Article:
In fact a substantial part of the explanation for Honda’s turnaround should have been glaringly obvious, as Allen Miller, HPD’s race team principal, explained to Motorsport.com.
“Remember, we hadn’t used that engine at that track before,” he said. “We didn’t introduce last year’s significant engine upgrade until the Indianapolis 500. At the first few events of last season [St. Petersburg, Phoenix, Long Beach, Barber, GP Indy] our engines were slightly older spec – near 2015 spec.”
In other words, even had no engine development been allowed this past winter, Honda’s 2016 upgrade, as seen from Indy onwards last year, had already provided a performance benefit that simply hadn’t been seen at St. Pete before.
“Right,” agreed Miller. “The changes allowed for this year [pistons, valves, conrods] wasn’t going to bring us that big a jump. It’s a measurable improvement over 2016, but nothing like last year’s upgrade.”
Miller confirmed that, as in seasons past, this year’s improvements have not been focused around the 1.3-bar boost level run on superspeedways, nor the 1.4-bar short-oval, nor 1.5-bar street/roadcourse settings.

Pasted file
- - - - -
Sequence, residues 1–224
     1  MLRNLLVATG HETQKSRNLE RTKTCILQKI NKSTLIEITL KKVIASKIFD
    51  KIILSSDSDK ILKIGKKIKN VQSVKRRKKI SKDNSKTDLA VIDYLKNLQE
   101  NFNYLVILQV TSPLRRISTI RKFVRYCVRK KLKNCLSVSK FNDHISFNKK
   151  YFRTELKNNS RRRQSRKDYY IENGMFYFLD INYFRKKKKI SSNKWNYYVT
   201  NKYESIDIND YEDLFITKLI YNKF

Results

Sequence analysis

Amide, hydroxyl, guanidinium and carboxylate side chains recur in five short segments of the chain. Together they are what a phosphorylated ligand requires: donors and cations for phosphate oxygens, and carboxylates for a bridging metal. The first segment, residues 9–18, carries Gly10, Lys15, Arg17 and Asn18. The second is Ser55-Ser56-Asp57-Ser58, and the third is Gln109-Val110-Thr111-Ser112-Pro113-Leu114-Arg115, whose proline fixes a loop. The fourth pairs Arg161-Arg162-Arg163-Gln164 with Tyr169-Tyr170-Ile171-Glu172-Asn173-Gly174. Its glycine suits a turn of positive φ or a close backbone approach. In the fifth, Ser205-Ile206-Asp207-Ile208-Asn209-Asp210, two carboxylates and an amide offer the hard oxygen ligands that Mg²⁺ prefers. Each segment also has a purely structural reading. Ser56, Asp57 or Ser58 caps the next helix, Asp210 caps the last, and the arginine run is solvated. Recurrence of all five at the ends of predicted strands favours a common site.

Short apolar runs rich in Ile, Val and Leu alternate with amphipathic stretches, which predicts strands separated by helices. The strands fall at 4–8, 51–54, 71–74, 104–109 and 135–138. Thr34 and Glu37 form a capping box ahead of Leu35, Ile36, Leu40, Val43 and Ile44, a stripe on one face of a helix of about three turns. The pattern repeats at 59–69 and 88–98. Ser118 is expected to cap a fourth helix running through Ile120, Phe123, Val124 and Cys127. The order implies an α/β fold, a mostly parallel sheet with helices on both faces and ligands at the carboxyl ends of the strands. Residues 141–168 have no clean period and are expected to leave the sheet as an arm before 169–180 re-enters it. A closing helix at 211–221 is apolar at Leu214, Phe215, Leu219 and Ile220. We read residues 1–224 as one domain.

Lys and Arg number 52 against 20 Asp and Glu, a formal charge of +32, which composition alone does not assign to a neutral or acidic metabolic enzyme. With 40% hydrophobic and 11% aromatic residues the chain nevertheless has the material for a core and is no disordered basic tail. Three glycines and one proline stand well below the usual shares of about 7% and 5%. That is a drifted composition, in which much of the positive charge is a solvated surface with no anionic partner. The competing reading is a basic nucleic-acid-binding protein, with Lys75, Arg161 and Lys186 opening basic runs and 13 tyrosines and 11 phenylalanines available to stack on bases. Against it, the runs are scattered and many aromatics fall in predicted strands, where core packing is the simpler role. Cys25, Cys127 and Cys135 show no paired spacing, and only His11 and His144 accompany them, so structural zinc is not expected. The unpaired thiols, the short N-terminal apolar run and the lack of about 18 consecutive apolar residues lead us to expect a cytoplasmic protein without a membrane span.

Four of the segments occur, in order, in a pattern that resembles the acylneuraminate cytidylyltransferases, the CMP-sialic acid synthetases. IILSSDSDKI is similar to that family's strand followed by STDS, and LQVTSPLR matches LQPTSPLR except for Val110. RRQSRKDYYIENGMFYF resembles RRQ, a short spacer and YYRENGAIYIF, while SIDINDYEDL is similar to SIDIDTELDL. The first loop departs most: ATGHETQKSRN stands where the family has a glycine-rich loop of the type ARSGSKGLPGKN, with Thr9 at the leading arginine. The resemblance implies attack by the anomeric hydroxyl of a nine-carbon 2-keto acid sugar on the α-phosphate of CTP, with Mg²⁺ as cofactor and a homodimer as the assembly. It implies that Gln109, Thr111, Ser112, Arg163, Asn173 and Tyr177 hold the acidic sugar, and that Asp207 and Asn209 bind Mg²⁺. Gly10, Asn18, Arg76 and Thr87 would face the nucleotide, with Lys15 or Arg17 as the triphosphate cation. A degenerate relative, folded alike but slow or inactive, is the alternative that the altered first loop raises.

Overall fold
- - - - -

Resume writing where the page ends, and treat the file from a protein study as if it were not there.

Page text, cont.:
“We can’t really work on an engine specifically for a certain type of track,” he said, “we can’t optimize them for specific boost levels, because they have to carry over from event to event. With IndyCar having a wide variety of tracks, any upgrades we make need to work across the board. We test at all boost pressures and develop around the best compromise.”
One other significant part of the explanation for Honda’s revival in St. Pete this year is that its teams have greater knowledge of their aerokits. In the 2015/16 offseason, when IndyCar decided to grant HPD two extra “development boxes” in which to try and bring its road/street/short-oval aero package up to Chevrolet standard, maybe we should have foreseen that those tracks would continue to be the HPD teams’ weak points. Because, whatever its improvements, the teams still had to learn how best to exploit its benefits, learn which avenues to explore… and learn which ones to disregard.
Now, with aerokits frozen for 2017, Honda teams have had the chance to delve further into their kits’ intricacies, and apparently they’ve made substantial progress.
“Yeah, there’s a year on this aerokit in terms of knowledge and how to use it best,” said Miller. “We provide base aero information and then each team has its own program and they can pick and choose which way they want to go. So between a year’s experience – and definitely a lot of looking at what other teams are doing! – I think we can say the teams have made a lot of progress themselves.”